Free Rider Problem

Do you think about how public goods work? Citizens pay a certain amount in taxes and get to use the services they pay for. However, what about the people that don't pay taxes and still use those same goods? Does that seem unfair to you or unjust? If it does, it's because it's a real phenomenon that occurs in economics. Want to learn more about this unjust behavior? Continue reading to learn more about the free rider problem!

Free Rider Problem Free Rider Problem

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Table of contents

    Free Rider Problem Definition

    Let's go over the definition of the free rider problem. The free rider problem occurs when people who benefit from a good use it and avoid paying for it. The free rider problem will occur mainly for goods that are non-excludable. Non-excludable goods mean that there is no way for people to be excluded from obtaining or using a good or service. When people can obtain a good or service for free, like a public good that the government provides, they will likely use it as much as possible.

    A good way to think about the free rider problem is to think of when it may have happened in your life.

    For example, there has probably been a time when you have done a group project in school with a couple of other classmates. You may have noticed that there was always one student in the group that didn't put in as much effort as everyone else did. However, you all got the same grade! The student who didn't put in the same amount of work everyone else did effectively got the same grade for less effort.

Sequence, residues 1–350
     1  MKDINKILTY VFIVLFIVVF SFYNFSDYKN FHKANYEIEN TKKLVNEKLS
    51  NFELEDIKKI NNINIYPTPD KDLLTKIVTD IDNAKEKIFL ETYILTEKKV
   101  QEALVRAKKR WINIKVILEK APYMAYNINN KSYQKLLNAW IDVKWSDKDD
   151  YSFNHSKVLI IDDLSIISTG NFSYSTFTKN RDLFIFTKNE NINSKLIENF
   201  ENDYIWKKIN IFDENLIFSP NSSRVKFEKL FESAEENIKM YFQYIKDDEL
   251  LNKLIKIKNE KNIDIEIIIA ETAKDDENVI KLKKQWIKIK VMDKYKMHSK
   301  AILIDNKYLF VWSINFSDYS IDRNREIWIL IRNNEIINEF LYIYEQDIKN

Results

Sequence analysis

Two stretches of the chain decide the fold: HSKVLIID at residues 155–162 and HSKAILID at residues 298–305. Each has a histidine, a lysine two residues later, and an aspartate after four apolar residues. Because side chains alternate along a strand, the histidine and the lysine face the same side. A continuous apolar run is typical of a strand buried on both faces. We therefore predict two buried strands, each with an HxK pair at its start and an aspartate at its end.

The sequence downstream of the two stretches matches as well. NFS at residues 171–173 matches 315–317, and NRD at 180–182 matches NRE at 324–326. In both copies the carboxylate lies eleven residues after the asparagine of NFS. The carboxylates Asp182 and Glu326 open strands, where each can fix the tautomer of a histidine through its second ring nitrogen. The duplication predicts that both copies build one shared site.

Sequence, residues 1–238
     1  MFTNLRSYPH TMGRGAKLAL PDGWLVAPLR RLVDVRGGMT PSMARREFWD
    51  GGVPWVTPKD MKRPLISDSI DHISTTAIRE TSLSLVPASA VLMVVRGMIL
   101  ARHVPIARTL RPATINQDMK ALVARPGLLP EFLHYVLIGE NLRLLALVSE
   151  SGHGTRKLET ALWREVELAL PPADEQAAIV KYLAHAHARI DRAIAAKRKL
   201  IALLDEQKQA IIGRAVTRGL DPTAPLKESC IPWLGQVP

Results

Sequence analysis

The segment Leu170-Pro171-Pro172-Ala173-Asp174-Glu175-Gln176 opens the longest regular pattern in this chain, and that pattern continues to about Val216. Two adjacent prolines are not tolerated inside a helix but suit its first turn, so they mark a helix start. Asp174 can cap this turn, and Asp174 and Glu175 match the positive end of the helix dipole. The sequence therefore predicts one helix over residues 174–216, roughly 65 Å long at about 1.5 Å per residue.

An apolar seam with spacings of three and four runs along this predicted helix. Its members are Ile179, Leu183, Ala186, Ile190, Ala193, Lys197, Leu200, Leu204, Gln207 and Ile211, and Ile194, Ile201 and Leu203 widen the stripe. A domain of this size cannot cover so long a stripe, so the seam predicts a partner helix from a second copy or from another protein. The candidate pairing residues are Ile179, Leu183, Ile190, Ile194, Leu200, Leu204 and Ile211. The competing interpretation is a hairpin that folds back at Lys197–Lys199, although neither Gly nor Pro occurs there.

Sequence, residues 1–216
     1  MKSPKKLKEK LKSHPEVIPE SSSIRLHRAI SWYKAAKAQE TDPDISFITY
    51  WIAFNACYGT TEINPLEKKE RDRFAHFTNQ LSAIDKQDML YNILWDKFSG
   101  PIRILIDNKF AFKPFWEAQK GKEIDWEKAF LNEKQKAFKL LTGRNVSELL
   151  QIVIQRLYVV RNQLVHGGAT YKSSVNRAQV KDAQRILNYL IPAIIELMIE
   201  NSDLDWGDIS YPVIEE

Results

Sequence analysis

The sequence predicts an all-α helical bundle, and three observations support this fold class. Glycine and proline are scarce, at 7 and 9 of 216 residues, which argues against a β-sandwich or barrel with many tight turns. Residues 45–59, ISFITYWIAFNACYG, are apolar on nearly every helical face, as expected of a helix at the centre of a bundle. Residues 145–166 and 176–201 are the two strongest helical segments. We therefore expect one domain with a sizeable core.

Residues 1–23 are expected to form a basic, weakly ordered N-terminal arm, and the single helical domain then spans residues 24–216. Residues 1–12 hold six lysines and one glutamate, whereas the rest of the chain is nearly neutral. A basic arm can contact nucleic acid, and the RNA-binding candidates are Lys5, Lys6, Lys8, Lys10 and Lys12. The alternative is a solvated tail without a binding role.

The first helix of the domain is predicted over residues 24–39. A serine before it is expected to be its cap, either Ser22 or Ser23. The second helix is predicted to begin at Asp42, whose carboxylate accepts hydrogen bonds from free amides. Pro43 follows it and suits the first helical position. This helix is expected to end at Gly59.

The scenario above provides a rudimentary example of the free rider problem. There was an opportunity for someone to benefit and use a service without having to put in the effort.

    The free rider problem is prevalent in economics and one that requires attention.

    The free rider problem occurs when people who benefit from a good use it and avoid paying for it.

    Free Rider Problem Examples

    What are examples of the free rider problem?

    We will take a look at two examples of the free rider problem here:

    • public library;
    • donations.

    Free rider problem examples: Public Library

    Let's imagine that there's a public library in your neighborhood that everyone loves — it's always well-cleaned and organized. This library is run on local taxes from those that live in the neighborhood. The problem? Recently, people who do not live in the neighborhood have been coming from out of town to use the library. While not a problem in and of itself, these people are outnumbering the locals and not allowing them to use it! The locals are upset because of how crowded the library is getting from people who don't pay for it.

    The free riders here are the people who come from out of town and are using the public good. They are using a service that they are not paying for and ruining it for those that are paying for it. This is an example of the free rider problem.

    Free rider problem examples: Donations